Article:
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Regulation of digital platforms must not hurt freedom of expression: UNESCO

Is India’s approach to content regulation online in line with the priorities of this paper? And what implications does that have?

Governments must protect freedom of expression and right to information of users while regulating and requesting for removal of content from digital platforms, highlights the UNESCO in its draft ‘Guidance for regulating digital platforms: a multistakeholder approach’ report released in December 2022.

The guidance document will be open for stakeholder consultations at the UNESCO Global Conference on Internet for Trust: Regulating Digital Platforms for Information as a Public Good on 21-23 February, 2023 in Paris. The conference will be attended by ministers, regulators, judicial actors, the private sector and civil society as well as technical community members across countries in order to discuss UNESCO’s guidelines to “shape digital platform regulation”.

The guidance serves as a reference document for member states and other stakeholders, including digital platforms and civil society organisations, who are seeking to regulate and moderate online content. It aims to guide them in developing legislation and policies, which must be in-sync with the international human rights standards and “enhance the availability of accurate and reliable information in the public sphere”.

The guide calls for the independence of a regulatory system, which can vary across countries with some having one regulatory entity, while others having more than one. In any case, in line with the World Bank principles, the UNESCO suggests, “the key characteristic of the independent regulator model is decision-making independence”. This essentially means independence from prior approval of government authorities in decision-making. Further, “no entity other than a court or a pre-established appellate panel can overrule the regulator’s decisions”.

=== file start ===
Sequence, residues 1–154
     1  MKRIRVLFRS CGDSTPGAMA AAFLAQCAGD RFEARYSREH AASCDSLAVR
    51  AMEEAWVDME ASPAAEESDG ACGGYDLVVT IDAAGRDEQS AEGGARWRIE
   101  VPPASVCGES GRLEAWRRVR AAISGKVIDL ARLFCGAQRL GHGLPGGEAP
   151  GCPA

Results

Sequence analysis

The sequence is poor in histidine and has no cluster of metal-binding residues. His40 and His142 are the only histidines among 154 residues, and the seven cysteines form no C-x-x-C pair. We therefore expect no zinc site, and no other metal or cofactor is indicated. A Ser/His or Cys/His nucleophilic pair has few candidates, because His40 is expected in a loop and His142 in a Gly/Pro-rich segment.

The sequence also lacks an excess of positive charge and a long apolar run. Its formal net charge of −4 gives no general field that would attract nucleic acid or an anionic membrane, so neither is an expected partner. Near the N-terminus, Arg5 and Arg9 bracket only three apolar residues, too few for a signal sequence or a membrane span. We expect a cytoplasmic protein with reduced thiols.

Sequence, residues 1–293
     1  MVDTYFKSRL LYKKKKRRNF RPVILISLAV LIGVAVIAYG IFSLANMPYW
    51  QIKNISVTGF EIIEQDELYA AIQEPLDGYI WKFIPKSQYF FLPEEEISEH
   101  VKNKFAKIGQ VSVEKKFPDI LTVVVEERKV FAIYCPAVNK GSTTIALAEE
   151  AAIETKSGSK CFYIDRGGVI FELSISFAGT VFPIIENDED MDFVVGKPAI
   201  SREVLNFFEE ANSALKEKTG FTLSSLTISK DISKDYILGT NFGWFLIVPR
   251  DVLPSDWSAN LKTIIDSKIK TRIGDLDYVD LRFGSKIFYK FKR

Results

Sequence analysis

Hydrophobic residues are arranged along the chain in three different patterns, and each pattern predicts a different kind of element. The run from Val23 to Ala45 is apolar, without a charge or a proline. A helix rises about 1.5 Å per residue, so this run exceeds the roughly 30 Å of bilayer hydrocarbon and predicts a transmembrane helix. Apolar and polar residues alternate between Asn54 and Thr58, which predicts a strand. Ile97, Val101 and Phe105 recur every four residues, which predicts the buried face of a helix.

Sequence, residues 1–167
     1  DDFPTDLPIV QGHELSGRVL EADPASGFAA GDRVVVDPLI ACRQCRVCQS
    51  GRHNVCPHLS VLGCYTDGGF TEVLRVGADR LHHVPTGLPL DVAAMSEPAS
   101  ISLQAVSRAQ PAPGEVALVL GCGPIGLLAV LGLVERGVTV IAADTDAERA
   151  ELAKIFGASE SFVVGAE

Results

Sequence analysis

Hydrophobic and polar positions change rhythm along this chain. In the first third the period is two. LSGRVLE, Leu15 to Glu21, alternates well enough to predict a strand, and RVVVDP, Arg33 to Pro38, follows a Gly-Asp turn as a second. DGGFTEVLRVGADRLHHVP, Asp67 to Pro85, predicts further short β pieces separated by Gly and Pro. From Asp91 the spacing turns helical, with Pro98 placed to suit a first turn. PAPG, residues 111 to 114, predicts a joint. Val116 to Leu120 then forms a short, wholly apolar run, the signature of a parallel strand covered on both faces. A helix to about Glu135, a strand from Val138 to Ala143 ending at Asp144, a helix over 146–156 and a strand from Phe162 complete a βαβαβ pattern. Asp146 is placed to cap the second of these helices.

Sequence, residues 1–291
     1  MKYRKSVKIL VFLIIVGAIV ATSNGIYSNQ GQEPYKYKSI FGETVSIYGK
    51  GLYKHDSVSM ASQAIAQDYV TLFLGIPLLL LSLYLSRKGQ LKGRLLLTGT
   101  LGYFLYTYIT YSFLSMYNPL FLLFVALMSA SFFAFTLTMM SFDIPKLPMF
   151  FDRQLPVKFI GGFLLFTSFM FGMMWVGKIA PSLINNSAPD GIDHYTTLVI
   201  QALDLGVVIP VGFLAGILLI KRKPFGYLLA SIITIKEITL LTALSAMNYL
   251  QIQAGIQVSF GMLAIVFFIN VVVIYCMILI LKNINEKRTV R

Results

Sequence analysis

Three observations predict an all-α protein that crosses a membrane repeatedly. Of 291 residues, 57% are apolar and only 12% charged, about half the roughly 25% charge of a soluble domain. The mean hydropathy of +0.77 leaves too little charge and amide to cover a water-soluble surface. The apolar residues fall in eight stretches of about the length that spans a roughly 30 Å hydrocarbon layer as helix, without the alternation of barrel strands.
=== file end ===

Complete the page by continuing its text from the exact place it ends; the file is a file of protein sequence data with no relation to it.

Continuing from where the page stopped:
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The UNESCO outlines a list of important points to be checked by those governments seeking to draft legislations for regulating processes of online content moderation and curation. It notes that any such deliberations must not result in restricting freedom of expression and information as a public good.

As per the draft guidelines:

  1. Governments should “protect and respect users’ rights to freedom of expression, the right to information, equality and non-discrimination”.
  2. Any restrictions to content must be in line with the conditions laid under Article 19(3) of the International Covenant on Civil and Political Rights (ICCPR). The article requires the restriction must have a legal basis, “a legitimate aim, and be necessary and proportional to the harm that is being restricted”.
  3. The restrictions must also be in accordance with Article 20 of the ICCPR, which is to prevent propaganda for war or advocacy of views that incite hatred and discrimination.
  4. The government must be transparent about content-removal or restriction requests made to the companies and “must be able to demonstrate how this is consistent with Article 19 of the ICCPR”.
  5. The authorities must also guarantee that “content removals are subjected to the adequate due process of law, including independent judicial review”.
  6. Governments must be avoid turning to moves such as internet shutdowns or impose other indirect restrictions if any alleged or potential breach of regulation is noted.
  7. Staff of companies must not be subjected to criminal penalties for alleged or potential breach of regulations, as this can have a “chilling effect on freedom of expression”.
  8. “Regulators with responsibilities in this area should be structured as independent regulators, with the proper accountability systems in place”.